information providers, concerned consumers and
community organizers the opportunity to build networks,
strengthen alliances and celebrate the achievements of
Southern sustainable farmers.
Southern SAWG’s video series titled Natural Farming
Systems in the South provides an easy, economical
way to take a virtual tour of some highly successful
farming operations in the region. Organic vegetables
and cut ﬂowers are among the enterprises covered.
Center for Integrated Agricultural Systems
1535 Observatory Drive
Madison, WI 53706
Wisconsin School for Beginning Market Growers is an
intensive three-day course held in January or February.
The course demonstrates what it takes to set up and
run a successful market garden or small farm, includ-
ing capital, management, labor and other resources.
Topics include soil fertility, crop production, plant
health and pest management, cover crops, equipment
needs and labor considerations at different scales of
operation and marketing and economics. The course is
taught primarily by three growers whose farms vary in
scale, cropping mix, marketing strategies and growing
methods. It includes presentations and hands-on labs by
University of Wisconsin faculty and other specialists.
Michael Fields Institute
W2493 County Rd ES
PO Box 990
East Troy, WI 53120
Michael Fields Agricultural Institute offers courses of
beneﬁt to people who want to become farmers and those
who have been farming for many years. They are also
creating opportunities for consumers to enter into farm
life through cooking, gardening and farm tours. These
include interactive workshops and on-site ﬁeld trainings.
Videos and CDs
From Vern Grubinger,
University of Vermont Extension
Farmers and Their Diversiﬁed Horticultural
Farmers and Their Innovative Cover Cropping Techniques
Vegetable Farmers and Their Weed-Control Machines
Farmers and Their Ecological Sweet Corn
High Tunnels (DVD only)
Farmers and Their Sustainable Tillage Practices
Available as DVDs at $15 each or VHS at $5 each,
including shipping, from:
Center for Sustainable Agriculture
University of Vermont
106 High Point Center, Suite 300
Colchester, VT 05446
These videos were produced by Vern Grubinger,
University of Vermont Extension, and feature vegetable
growers in the Northeast.
From Southern Sustainable Agriculture
Order SAWG videos from:
PO Box 1552
Fayetteville, AR 72702
Hitt, Alex. 2007. Organic Vegetable Production &
Marketing in the South with Alex Hitt of Peregrine
This Windows-only CD-ROM resource grew out of
presentations made by Hitt at Southern SAWG
conferences. The presentations follow Alex and Betsy
Hitt’s system from the start to marketing, including soil
building, planning, crop rotation, pest management,
recordkeeping and more. Available for $15 plus
Organic Horticulture & Marketing:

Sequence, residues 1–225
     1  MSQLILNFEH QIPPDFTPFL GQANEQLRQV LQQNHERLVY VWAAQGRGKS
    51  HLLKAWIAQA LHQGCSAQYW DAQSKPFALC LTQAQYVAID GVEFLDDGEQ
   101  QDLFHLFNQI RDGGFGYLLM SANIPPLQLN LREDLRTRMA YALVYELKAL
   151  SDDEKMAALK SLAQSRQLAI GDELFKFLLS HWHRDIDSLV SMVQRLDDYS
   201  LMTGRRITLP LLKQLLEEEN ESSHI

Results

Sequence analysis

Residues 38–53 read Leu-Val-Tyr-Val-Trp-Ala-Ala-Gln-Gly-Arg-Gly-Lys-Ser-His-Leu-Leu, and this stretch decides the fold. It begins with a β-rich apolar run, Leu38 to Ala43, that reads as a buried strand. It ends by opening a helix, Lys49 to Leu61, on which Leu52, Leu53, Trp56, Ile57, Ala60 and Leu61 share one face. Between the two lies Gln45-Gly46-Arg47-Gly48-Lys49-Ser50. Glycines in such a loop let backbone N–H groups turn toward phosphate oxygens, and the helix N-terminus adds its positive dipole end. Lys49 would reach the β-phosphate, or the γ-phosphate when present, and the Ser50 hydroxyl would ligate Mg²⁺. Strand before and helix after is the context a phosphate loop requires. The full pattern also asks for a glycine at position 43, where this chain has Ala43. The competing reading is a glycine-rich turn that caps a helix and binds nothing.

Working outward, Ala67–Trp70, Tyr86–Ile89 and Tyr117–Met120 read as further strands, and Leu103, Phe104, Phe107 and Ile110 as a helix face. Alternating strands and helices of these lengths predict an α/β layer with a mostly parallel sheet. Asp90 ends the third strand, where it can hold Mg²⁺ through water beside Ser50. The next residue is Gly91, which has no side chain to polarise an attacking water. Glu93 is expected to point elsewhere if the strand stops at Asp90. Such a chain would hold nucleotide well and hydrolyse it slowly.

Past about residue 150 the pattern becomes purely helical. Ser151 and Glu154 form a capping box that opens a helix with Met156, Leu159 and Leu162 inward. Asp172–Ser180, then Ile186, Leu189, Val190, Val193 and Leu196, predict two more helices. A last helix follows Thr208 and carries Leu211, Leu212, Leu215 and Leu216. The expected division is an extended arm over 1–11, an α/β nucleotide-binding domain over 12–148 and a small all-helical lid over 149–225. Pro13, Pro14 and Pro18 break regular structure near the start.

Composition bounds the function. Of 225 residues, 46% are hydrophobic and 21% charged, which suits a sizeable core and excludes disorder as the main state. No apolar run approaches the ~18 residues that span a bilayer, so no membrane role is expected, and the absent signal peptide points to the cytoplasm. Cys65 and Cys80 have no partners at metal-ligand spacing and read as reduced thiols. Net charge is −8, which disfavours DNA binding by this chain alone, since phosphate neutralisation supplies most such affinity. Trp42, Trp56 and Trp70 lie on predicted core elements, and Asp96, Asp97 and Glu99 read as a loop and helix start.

Maple Springs Garden
Organic Horticulture & Marketing: Au Naturel Farm
Cut Flower Production and Marketing: Dripping
The Southern Sustainable Agriculture Working Group’s
video series titled Natural Farming Systems in the South
presents virtual tours of many types of farming operations
in the region, including the three listed above. Available
as DVDs or VHS for $15 each plus $7.50 shipping.
Nordell, Anne and Eric. 1996.
Available for $10 by writing to:
Anne and Eric Nordell
Beech Grove Farm
3410 Route 184
Trout Run, PA 17771
A 52-minute video of a slide presentation by the
Nordells at the PASA conference.
Kaplan, Dan. No date. Crop Planning and Record
Keeping with MS Excel.
PO Box 227
Amherst, MA 01002
Disks with the spreadsheet templates can be obtained
by sending a check for $25 made out to Brookﬁeld
Farm with your name, address, phone number and
what version of Excel you will be using. The ﬁle will
be sent as an e-mail attachment or can be sent on disk
via regular mail.
Rosenzweig, Marcie. No date. Market Farm Forms:
Spreadsheet Templates for Planning and Organization
Information on Diversiﬁed Farms. Available from:
Mail Order Department
Nature’s Pace Sanctuary
Hartshorn, MO 65479
A 95-page book and a disk containing Excel spread-
sheet templates available in PC or Macintosh formats.
Market Farming list serve
A discussion group that covers tools and equipment,
markets, production practices, labor, and more.
Developing a Business Plan. 2004. Agriculture Alterna-
tives. Penn State College of Agricultural Sciences Agri-
cultural Research and Cooperative Extension.
Building a Plan for Your Farm: Important First Steps.
2003. Jones, Rodney. Presented at the 2003 Risk and
Proﬁt Summer Conference. www.agmanager.info/farm-
Page 18 ATTRA Market Gardening: A Start Up Guide
Page 20 ATTRA
Market Gardening: A Start Up Guide
By Janet Bachmann
NCAT Agriculture Specialist
Updated May 2009
Holly Michels, Editor
Amy Smith, Production
This publication is available on the Web at: